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The ASUS RT-N16, Tomato & 802.11n

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asus-rt-n16

I was planning to upgrade my gateway router after I moved to my new house, but a sale caught my eye and changed that.

I’ve been using factory firmware and routers for a long time. It started with Linksys, followed by another Linksys and then two identical D-Link routers. This ASUS RT-N16 router is my first custom firmware capable router.

ASUS RT-N16

I chose this particular router because it was affordable and recommended as one of the best custom firmware capable routers. It also featured 802.11n, four gigabit ports and 2 USB 2.0 ports.

And I got all of it for $90 some odd dollars after shipping and taxes. There was also a $10 mail in rebate offer, but it’s coming in as an inconvenient MasterCard debit card. I hate those things. Maybe I’ll donate it to Child’s Play or something.

Tomato

While waiting for the router to arrive, I was looking through forum threads and webpages debating which of the two major custom firmware choices was right for me.

DD-WRT seemed to be the cold, technical, feature filled choice for networking gurus who want it all. Tomato, on the other hand, appeared to be the super user’s choice. It seemed like it was the right choice for those who want advanced home features without requiring a CCNA certification.

The Tomato installation was painless. I was pleasantly surprised.

802.11n

Wireless N has been around for quite sometime, but I wasn’t going to hop onboard until more devices I owned supported it. With the sudden influx of Apple products and the HP TouchPad, the time to take advantage of wireless N had arrived.

I don’t have a real opinion on wireless N yet despite being bathed in its magical waves.

The Benefit

Improved signal strength is the key benefit for moving to the new router. With Tomato, I was able to increase the transmit power with a minor adjustment in GUI interface.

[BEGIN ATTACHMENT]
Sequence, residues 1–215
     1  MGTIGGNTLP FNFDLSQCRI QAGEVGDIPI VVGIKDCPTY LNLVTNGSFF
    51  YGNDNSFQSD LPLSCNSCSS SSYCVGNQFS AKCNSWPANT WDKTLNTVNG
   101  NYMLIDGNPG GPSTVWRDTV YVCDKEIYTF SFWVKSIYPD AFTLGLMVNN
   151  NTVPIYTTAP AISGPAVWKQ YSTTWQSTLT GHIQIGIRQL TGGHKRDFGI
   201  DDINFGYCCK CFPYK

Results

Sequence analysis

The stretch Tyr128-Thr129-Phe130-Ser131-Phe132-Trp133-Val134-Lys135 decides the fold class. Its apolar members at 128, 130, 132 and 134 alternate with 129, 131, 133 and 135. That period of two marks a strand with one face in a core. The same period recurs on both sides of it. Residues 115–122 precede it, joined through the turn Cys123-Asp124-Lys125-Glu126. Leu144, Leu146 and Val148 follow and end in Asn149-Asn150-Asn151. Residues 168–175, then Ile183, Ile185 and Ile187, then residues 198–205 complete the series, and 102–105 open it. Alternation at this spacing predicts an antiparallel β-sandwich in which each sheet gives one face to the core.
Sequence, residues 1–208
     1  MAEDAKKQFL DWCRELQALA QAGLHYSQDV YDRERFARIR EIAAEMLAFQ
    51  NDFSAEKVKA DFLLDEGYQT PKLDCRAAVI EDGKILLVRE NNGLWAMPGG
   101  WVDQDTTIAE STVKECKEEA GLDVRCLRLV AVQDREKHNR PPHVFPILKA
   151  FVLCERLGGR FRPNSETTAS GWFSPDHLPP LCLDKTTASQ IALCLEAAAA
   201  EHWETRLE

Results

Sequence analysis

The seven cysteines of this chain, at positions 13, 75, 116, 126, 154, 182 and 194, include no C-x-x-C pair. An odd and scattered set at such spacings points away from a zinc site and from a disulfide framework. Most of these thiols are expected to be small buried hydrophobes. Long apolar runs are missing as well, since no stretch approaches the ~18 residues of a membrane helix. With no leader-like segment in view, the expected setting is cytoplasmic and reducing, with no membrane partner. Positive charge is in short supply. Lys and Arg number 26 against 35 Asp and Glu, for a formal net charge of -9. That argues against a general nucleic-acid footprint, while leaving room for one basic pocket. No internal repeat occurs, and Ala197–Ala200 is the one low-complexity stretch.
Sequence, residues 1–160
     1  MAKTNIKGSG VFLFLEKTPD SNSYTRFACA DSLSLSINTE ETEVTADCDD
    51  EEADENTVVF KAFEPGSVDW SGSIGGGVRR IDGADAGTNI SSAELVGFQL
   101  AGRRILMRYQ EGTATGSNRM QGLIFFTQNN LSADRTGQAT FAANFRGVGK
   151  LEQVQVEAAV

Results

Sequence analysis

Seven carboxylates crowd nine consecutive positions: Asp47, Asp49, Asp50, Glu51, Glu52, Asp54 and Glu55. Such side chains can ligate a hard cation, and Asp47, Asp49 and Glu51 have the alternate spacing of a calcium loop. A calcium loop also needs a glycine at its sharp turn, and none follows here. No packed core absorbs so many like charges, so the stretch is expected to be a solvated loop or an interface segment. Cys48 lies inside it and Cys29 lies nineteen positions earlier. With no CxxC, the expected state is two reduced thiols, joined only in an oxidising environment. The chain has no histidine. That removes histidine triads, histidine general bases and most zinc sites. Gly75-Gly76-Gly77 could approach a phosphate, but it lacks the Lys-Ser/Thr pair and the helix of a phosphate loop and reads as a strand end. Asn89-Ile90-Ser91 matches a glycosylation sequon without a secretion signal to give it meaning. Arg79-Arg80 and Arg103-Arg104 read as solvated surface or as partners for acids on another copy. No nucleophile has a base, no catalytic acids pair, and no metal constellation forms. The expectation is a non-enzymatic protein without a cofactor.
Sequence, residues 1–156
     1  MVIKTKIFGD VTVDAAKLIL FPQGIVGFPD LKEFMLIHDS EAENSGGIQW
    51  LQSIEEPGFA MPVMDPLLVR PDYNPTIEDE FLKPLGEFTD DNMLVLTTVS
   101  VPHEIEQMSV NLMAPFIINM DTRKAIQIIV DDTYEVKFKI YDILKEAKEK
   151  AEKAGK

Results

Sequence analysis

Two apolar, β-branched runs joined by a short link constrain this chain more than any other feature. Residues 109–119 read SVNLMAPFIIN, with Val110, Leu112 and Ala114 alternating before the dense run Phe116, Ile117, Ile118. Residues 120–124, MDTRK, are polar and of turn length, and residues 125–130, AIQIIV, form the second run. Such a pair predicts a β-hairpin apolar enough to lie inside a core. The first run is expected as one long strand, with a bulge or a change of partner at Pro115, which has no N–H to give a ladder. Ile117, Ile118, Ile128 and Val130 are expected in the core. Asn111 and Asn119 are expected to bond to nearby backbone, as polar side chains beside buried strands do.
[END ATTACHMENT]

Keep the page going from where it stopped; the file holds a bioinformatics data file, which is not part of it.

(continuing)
I took some measurements, but before I get into those, you should all read this wonderful FAQ explaining how to read signal to noise ratios.

Here are some measurements from my bedroom on the top floor.

  • Linksys WRT54GC (802.11g) located in the living room: -60 dBm / -92 dBm
  • D-Link DGL-4300 (802.11g) located in the basement: -80 dBm / -83 dBm
  • ASUS RT-N16 (802.11n) w/ default 17 mW located in the basement: -83 dBm / -92 dBm
  • ASUS RT-N16 (802.11n) w/ 55 mW located in the basement: -78 dBm / – 91 dBm

A nice improvement with the default transmit power, but an even nicer one with the tweak.
I could have gone with the recommended 60 mW, but I tested with 55 mW and saw no difference so I stuck with the lower transmit power value. Why use more if I don’t need it, right?

But as nice as the improvement is, it’s not enough for a stable video stream. My GiantBomb videos are still pausing and waiting for buffers to fill. To truly live in the wireless N future, I may have to invest in other wireless N access points.

UPnP “Fix”

I have a home server using Windows Small Business Server 2011 that likes to punch a few ports open for itself using UPnP. It worked great in the past, but it stopped working with this new router running Tomato.

It turns out that this was by design.

I didn’t care for the restrictive UPnP setup so I used Putty to Telnet into the router and ran these commands:

nvram set upnp_min_port_int=80
nvram set upnp_max_port_int=65535
nvram set upnp_min_port_ext=80
nvram set upnp_max_port_ext=65535
nvram commit

Now everything is working fine.

Conclusion

It’s been a pleasant change thus far. If things hold up and I don’t experience any issues with this setup, I may replace my living room router with one of these as well and set it up as an access point. Tomato is easy to use and I’m sure that I’m just scratching the surface of what it can do. I’ll revisit this home networking thing in a few months or at my new house.

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